I’ve been on a 35mm SLR jag for the last couple of years, in case the number of SLR reviews I’ve written here hasn’t caught your notice. I’ve discovered that I’m an SLR guy through and through. But that’s led me away from my first photographic love, which is seeing what kind of images a simple camera can make.
That’s led me to look for old boxes and folders lately. To make it interesting, I’ve narrowed my searching to cameras that take 120 film. Given how many such cameras take 620 film, this shrinks the field considerably.
I came upon an eBay listing for this Ansco Viking Readyset. Agfa made these in Munich for Ansco from 1952 to 1959. I certainly overpaid, at $45 shipped, but at least this example is nearly in mint condition. Most of these that I’ve seen over the years have been rough.
This Viking Readyset features an f/11 Agfa Isomar lens, which I’m betting is a single-element design. It offers two aperture settings, “Bright,” the full f/11, and “Hazy,” which might be f/8. An old ad I found for this camera says that the shutter operates at 1/40 sec.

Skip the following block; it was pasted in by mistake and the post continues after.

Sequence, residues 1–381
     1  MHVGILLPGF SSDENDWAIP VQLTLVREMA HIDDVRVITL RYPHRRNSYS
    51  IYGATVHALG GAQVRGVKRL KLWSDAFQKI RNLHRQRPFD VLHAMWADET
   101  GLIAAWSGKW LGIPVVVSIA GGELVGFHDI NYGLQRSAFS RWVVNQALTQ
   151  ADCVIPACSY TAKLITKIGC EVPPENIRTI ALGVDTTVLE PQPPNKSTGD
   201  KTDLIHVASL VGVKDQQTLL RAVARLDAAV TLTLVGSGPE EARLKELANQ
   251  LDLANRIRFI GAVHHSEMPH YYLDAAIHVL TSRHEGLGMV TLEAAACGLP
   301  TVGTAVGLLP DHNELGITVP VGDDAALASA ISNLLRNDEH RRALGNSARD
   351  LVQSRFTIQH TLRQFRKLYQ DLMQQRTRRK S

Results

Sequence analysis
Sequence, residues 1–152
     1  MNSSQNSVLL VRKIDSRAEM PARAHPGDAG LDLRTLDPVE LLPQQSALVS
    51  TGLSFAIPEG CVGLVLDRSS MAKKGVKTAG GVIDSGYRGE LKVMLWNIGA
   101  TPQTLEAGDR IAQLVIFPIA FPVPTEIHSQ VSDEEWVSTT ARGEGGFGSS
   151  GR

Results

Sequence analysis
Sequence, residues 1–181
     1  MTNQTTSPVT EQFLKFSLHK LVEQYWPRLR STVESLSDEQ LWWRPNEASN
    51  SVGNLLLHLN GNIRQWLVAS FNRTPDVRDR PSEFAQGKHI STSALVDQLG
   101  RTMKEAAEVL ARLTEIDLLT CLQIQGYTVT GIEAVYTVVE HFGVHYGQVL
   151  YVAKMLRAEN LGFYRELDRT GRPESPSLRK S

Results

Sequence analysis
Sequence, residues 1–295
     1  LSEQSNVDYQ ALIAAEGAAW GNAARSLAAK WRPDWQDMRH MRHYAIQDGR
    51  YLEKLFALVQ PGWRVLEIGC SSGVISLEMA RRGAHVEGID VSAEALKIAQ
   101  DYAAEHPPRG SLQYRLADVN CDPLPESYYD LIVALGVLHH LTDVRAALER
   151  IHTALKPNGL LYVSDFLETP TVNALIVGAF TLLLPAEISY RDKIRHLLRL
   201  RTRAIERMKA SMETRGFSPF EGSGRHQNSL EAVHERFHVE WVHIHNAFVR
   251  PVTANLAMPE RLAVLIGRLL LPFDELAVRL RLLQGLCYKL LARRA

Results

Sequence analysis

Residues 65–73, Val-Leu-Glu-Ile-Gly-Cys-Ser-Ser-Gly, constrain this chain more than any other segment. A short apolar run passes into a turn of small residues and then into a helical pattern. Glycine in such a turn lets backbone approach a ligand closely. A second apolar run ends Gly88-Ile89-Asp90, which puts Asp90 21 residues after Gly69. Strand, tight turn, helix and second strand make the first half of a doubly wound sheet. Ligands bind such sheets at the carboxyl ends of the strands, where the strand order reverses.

The camera offers two focus zones, 5 to 10 feet and 10 feet to infinity. The viewfinder is a simple pop-up “sports” type, on the same side of the body as the winder. The body is metal with a coating that feels like it’s made of plastic. There’s a tripod mount on the faceplate, a nice touch. The camera also features a flash sync port. The Viking Readyset makes 8 6×9-cm images on a roll of 120.
Interestingly, the Readyset was the least of a three-model line of Viking cameras. The top-line Viking featured an f/4.5 lens; the next one down an f/6.3 lens. Both were set in a 1/200 sec. shutter. The Viking cameras cost $48.65, $34.95, and $19.95, respectively, when new. In comparison, an Ansco box camera could be had for as little as $4.95.
This camera looks to need no reconditioning, although to be safe I will check for pinholes in the bellows and repair any I find. I’ll also gently clean the lens with a cotton swab dipped in rubbing alcohol. Look for photos from this camera and a full review probably later this spring, or in the early summer.
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